APT1 (Also known as: Unit 61398, Comment Crew)
Suspected attribution: China’s People’s Liberation Army (PLA) General Staff Department’s (GSD) 3rd Department (总参三部二局), which is most commonly known by its Military Unit Cover Designator (MUCD) as Unit 61398 (61398部队).
Target sectors: Information Technology, Aerospace, Public Administration, Satellites and Telecommunications, Scientific Research and Consulting, Energy, Transportation, Construction and Manufacturing, Engineering Services, High-tech Electronics, International Organizations, Legal Services Media, Advertising and Entertainment, Navigation, Chemicals, Financial Services, Food and Agriculture, Healthcare, Metals and Mining, Education
Overview: APT1 has systematically stolen hundreds of terabytes of data from at least 141 organizations, and has demonstrated the capability and intent to steal from dozens of organizations simultaneously. The group focuses on compromising organizations across a broad range of industries in English-speaking countries. The size of APT1’s infrastructure implies a large organization with at least dozens, but potentially hundreds of human operators.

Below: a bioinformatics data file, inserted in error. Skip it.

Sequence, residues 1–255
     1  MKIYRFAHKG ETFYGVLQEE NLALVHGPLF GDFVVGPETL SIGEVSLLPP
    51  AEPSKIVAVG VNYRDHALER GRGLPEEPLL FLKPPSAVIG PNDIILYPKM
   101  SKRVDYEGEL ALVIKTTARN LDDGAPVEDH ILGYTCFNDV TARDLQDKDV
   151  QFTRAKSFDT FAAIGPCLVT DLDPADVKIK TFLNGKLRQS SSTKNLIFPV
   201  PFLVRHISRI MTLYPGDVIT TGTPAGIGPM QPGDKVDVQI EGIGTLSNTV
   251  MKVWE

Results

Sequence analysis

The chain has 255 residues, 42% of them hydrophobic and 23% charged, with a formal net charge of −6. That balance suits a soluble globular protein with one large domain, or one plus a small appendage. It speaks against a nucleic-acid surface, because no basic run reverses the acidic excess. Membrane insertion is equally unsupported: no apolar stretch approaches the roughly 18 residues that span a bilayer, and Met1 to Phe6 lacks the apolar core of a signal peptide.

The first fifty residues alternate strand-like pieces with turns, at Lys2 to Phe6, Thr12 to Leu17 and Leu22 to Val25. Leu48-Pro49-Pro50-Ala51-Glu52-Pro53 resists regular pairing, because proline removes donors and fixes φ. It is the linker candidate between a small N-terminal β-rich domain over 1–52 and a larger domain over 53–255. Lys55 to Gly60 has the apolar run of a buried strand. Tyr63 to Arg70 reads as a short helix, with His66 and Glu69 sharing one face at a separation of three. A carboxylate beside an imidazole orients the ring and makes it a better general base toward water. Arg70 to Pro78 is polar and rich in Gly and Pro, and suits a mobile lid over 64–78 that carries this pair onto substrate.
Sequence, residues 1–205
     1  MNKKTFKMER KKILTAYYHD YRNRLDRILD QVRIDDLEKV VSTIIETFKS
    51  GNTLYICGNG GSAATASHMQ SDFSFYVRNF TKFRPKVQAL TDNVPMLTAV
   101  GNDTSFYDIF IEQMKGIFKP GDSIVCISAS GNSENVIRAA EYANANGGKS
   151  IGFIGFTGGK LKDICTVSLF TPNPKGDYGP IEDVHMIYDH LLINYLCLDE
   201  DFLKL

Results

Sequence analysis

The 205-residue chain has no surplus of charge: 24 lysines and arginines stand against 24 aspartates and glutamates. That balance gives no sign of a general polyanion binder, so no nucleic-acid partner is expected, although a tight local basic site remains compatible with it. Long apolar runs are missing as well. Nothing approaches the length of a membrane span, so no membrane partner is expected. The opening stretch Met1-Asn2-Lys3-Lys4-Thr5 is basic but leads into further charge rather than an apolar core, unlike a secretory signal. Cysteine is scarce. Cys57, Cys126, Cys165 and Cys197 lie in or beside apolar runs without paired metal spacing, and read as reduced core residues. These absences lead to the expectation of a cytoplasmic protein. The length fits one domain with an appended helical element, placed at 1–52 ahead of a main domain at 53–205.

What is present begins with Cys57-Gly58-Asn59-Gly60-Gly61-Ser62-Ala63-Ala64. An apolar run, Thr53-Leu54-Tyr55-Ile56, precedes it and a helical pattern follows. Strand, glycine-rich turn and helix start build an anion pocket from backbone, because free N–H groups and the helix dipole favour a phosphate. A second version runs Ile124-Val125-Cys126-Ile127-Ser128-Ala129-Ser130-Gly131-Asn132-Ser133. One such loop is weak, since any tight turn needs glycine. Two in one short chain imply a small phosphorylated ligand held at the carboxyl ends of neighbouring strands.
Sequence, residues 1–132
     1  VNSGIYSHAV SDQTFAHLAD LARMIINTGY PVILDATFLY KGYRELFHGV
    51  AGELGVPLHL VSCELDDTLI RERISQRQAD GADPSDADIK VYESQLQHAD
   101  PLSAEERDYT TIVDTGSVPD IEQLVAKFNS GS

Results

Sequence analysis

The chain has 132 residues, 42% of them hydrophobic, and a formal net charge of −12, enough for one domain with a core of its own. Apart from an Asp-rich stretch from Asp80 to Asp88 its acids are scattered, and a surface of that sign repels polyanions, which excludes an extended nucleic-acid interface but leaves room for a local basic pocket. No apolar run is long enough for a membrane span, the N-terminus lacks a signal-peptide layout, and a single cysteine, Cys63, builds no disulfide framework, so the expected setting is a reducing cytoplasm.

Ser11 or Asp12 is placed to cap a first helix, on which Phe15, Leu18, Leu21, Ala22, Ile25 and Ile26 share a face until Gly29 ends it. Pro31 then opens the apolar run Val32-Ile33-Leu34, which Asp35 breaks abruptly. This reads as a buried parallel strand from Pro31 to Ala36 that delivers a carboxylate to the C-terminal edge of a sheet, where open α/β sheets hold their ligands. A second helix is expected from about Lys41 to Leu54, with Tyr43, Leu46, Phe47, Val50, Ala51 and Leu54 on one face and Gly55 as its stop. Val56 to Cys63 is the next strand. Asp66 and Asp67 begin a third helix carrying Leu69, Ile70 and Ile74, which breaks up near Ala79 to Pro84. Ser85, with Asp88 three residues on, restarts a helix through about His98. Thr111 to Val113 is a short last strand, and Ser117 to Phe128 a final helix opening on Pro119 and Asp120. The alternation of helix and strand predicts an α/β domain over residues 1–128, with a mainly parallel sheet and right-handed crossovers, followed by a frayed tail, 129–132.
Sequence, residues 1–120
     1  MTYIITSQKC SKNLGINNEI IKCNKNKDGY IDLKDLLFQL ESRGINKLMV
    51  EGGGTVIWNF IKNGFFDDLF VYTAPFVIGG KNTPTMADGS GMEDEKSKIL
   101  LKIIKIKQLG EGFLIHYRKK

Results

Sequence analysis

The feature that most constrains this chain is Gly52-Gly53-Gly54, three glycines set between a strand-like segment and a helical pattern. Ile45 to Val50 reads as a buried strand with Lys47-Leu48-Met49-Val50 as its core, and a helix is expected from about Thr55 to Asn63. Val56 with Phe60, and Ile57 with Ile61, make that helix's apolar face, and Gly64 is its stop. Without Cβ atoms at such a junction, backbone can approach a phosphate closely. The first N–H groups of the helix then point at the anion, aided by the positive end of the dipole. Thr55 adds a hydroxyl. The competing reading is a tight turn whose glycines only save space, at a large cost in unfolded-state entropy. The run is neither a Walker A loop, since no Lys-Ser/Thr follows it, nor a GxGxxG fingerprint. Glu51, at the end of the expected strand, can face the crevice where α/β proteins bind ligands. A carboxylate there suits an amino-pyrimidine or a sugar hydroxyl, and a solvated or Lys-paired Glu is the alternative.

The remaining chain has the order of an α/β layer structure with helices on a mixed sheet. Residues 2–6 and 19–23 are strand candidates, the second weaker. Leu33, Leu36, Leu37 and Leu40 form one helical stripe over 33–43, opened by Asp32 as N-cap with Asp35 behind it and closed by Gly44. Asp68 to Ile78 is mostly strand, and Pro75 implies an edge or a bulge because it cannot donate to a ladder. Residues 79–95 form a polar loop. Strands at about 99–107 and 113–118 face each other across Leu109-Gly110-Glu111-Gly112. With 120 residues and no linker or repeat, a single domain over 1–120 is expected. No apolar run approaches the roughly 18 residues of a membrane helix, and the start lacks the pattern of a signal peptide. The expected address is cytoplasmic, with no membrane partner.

Associated malware: TROJAN.ECLTYS, BACKDOOR.BARKIOFORK, BACKDOOR.WAKEMINAP, TROJAN.DOWNBOT, BACKDOOR.DALBOT, BACKDOOR.REVIRD, TROJAN.BADNAME, BACKDOOR.WUALESS
Attack vectors: The most commonly observed method of initial compromise is spear phishing. The spear phishing emails contain either a malicious attachment or a hyperlink to a malicious file. The subject line and the text in the email body are usually relevant to the recipient. APT1 also creates webmail accounts using real peoples’ names. While APT1 intruders occasionally use publicly available backdoors such as Poison Ivy and Gh0st RAT, the vast majority of the time they use what appear to be their own custom backdoors. Throughout their stay in the network (which could be years), APT1 usually installs new backdoors as they claim more systems in the environment. Then, if one backdoor is discovered and deleted, they still have other backdoors they can use. We usually detect multiple families of APT1 backdoors scattered around a victim network when APT1 has been present for more than a few weeks.